Advent season calls faithful to peaceful, prayerful preparation

Joe Brooks lights the first candle of the Advent wreath at St. Joseph’s Catholic Church in Alexandria, Va. Nov. 27, 2011. Advent begins this year Nov. 30. Each candle on the wreath marks a Sunday during the period of joyful anticipation that precedes Christmas. (Nancy Phelan Wiechec/CNS)
Joe Brooks lights the first candle of the Advent wreath at St. Joseph’s Catholic Church in Alexandria, Va. Nov. 27, 2011. Advent begins this year Nov. 30. Each candle on the wreath marks a Sunday during the period of joyful anticipation that precedes Christmas. (Nancy Phelan Wiechec/CNS)

[dropcap type=”4″]T[/dropcap]he four weeks preceding the birth of Christ sanctify time and space in the hearts and homes of the faithful through a spirit of joyful anticipation marked by prayer.

Advent, which comes from the Latin word for “coming,” is a time to slow the pace of life and focus on the arrival of Christ through His birth and for His second coming at the end of time.

The first Sunday of Advent also marks the beginning of a new liturgical year, a New Year in the Catholic Church.

Making the distinction between Advent and the Christmas season is an annual challenge because of the pressure to fill the quiet, prayerful season with the colors and sounds of Christmas.

In an effort not to allow the secular view to eclipse the holiness, Christians need to be intentional with their traditions.

Fr. Fausto Penafiel, parochial vicar of St. Mark Parish, said Advent is not only a time to focus on spiritual preparation to welcome the Lord, but to also celebrate the hope of salvation.

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Advent

Resources from the U.S. bishops

Scriptural reflection on The Bishop’s Hour: Cue up the 7:05 mark from the Nov. 24 episode to hear “Bible Geek” Mark Hart guide listeners through the gospel readings for Advent

Advent reflections:
with Pope Francis. Daily reflections by email or text message from America Magazine
from Sisters of St. Joseph, Third Order of St. Francis
from Life Teen
—delivered daily to your inbox from Fr. Robert Barron at Word on Fire
—updated weekly from OCP featuring music (including Spanish and bilingual selections) and interactive content
from xt3.com (also available as an app)

Advent appsFamily Rosary, Magnificat, ETWNPray as you go, Adventus Lite

Advent photo challenge: stay connected on social media to the hope, joy and traditions that make this time of year so special via Busted Halo

See listing at end of story for Advent missions and other events from parishes across the Diocese of Phoenix.[/quote_box_right]

“In short, it’s a time to do and be better by different practices that lead to a better life,” Fr. Penafiel said. “We often talk about making time to pray. We should not have to make time. We should always have time to pray a few times a day.”

St. John Chrysostom said the home should be a “little church,” a place seen by family and guests as the dwelling place of God.

There are numerous ways to express the peace, hope, joy and love Advent represents, from wreaths and Jesse Trees to community service and reception of the Holy Eucharist.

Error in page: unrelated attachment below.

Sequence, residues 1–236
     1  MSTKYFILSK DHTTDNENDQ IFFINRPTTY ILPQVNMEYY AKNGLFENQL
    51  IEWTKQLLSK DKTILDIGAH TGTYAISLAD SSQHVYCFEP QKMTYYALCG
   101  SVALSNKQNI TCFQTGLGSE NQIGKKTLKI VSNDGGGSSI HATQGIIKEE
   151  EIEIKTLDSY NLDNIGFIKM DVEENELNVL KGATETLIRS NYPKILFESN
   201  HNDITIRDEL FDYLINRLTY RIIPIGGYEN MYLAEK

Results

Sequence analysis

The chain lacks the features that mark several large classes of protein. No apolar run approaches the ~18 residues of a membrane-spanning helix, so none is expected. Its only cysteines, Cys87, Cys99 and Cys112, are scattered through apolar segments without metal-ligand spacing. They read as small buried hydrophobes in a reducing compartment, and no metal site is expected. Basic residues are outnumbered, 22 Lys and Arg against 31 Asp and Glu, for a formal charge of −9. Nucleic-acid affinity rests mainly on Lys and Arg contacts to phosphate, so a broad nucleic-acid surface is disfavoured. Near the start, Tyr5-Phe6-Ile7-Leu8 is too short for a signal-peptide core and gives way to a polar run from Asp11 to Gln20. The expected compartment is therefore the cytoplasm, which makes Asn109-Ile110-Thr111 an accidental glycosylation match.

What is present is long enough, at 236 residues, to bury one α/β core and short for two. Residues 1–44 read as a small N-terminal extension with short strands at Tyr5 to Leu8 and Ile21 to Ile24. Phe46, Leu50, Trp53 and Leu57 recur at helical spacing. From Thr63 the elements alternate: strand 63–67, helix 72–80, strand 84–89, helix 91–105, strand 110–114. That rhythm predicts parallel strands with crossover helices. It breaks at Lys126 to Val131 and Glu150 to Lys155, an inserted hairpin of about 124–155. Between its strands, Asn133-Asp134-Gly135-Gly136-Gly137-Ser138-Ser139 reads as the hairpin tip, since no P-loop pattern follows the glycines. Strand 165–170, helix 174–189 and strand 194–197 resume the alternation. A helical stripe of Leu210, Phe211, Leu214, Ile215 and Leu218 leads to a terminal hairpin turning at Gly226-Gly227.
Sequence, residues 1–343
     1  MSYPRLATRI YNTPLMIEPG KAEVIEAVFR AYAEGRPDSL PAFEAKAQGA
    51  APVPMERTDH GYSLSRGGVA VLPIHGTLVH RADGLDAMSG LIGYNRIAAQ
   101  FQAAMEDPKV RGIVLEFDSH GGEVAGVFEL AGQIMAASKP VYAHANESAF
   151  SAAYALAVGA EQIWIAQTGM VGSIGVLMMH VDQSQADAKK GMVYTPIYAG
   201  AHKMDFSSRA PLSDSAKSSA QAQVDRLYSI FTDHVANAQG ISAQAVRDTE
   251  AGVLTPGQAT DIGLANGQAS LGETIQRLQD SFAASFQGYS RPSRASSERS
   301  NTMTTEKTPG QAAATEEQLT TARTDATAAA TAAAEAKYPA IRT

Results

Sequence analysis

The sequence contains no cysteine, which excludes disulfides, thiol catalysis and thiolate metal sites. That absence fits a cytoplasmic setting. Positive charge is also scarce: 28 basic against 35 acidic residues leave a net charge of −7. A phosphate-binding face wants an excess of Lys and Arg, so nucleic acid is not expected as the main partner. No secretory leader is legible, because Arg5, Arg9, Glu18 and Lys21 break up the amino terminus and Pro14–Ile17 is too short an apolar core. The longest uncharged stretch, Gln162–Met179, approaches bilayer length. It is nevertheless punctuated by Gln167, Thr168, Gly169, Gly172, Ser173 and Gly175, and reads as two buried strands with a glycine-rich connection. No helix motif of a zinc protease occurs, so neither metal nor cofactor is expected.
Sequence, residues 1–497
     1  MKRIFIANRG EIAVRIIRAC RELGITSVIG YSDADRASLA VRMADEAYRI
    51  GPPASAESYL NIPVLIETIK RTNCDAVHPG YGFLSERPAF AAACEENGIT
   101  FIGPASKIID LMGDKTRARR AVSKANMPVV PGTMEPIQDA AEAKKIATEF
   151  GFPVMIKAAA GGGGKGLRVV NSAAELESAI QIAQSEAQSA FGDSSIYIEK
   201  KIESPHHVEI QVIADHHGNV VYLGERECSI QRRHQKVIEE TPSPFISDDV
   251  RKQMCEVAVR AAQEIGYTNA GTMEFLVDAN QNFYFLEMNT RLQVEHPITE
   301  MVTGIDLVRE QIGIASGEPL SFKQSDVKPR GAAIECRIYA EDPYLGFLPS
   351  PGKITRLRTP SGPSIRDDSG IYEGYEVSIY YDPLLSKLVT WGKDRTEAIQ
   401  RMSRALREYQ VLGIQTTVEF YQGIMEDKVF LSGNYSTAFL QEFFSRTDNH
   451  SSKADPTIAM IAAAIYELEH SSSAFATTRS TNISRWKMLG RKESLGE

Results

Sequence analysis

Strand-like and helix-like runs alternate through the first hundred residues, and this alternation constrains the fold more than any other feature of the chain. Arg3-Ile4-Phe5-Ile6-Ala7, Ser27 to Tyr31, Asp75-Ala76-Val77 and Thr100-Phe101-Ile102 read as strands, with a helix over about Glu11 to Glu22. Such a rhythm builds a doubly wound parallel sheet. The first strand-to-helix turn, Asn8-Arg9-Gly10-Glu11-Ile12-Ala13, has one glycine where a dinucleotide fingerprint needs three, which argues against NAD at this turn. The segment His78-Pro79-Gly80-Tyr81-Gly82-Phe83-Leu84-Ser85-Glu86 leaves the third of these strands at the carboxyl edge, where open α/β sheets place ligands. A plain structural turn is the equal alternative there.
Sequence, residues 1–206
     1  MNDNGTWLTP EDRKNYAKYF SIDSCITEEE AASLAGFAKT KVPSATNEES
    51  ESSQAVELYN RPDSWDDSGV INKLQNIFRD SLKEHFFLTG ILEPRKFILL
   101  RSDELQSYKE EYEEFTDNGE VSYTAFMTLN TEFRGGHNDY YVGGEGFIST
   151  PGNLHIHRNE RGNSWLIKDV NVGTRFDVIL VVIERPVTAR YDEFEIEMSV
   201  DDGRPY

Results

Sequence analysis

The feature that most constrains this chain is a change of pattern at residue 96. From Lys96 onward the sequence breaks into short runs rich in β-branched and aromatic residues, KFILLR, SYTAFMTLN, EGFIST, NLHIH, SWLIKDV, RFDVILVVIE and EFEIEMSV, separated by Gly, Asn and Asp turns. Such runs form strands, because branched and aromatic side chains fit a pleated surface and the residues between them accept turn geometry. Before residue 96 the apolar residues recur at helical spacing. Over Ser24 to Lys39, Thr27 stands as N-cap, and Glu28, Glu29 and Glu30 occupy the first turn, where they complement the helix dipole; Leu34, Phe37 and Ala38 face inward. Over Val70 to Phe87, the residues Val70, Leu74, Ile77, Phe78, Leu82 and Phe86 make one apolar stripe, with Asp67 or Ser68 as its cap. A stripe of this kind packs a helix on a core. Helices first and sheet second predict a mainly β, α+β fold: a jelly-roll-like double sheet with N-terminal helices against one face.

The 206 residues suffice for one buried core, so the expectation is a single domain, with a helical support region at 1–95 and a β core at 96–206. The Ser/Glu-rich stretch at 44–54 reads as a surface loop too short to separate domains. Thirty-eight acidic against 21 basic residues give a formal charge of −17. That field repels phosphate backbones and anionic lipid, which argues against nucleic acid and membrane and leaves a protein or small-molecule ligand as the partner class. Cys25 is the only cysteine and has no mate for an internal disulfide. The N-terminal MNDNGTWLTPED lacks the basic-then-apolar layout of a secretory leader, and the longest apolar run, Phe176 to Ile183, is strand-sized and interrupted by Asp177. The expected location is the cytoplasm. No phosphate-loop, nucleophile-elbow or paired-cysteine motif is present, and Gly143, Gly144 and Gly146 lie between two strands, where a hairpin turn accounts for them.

For the Thomas family of the Franciscan Renewal Center, the historical significance of Advent is a time of reflection and thanksgiving.

“It’s easy to get caught up in the frills of Christmas, but we’re celebrating that love came into the world,” said Francesca Thomas, a former catechist. “It’s important we all pause and exhibit we all understand that, and this is really all about love and love is what drives all the good in the world.”

Loretta and Chad Fay from Our Lady of Perpetual Help Church in Scottsdale use an heirloom angel tree topper in the Advent colors of purple to mark the season.

Bought two decades ago in Loretta’s homeland of England, the angel has since become a tie that binds.

“We brought her back, had her blessed and now she is a special way to celebrate my family,” Loretta said.

Advent is followed by the Christmas season. Technically, the Octave of Christmas is from Christmas to the Solemnity of Mary on Jan. 1, or traditionally from Christmas through Jan. 5.

Liturgically speaking, the Christmas season lasts until the Feast of the Baptism of the Lord, and it’s filled with rich traditions and wonderful feasts.

The five major feasts of the Christmas Season are the Solemnity of the Nativity of the Lord; the Feast of the Holy Family of Jesus, Mary, and Joseph; the Solemnity of Mary, the Holy Mother of God; the Solemnity of the Epiphany of the Lord; and the Feast of the Baptism of the Lord.

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Missions/events from the parishes:

Mission with Tom Booth, Dec. 1-3 at St. Steven Parish in Sun Lakes (map)
Advent family fun Dec. 1 at Our Lady of Guadalupe in Queen Creek (map)
—”Mary, the Apostles and Us”, an intentional disciples mission, Dec. 1-3 at Corpus Christi Parish in Ahwatukee (map)
Lectio Divina Tuesdays in Advent at the Franciscan Renewal Center (map)
The ripple effect Advent mission, Dec. 3-4 at St. Timothy in Mesa (map)
Separate, concurrent mission for children ages 5-12. Registration required.
Mission with “the cooking priest” on finding God, Dec. 7-9 at Our Lady of Perpetual Help in Scottsdale (map)
Advent mission featuring Terry Barber addressing “The Commandments of Evangelization,” 7 p.m. Dec. 9 at Christ the King in Mesa (map)
The song of waiting, Dec. 10 at St. Thomas More in Glendale (map)
Advent Day of Reflection with the Crosiers Dec. 13 at the Franciscan Renewal Center (map)
Advent concert with Tom Booth, Dec. 17 at Our Lady of Mount Carmel in Tempe (map)
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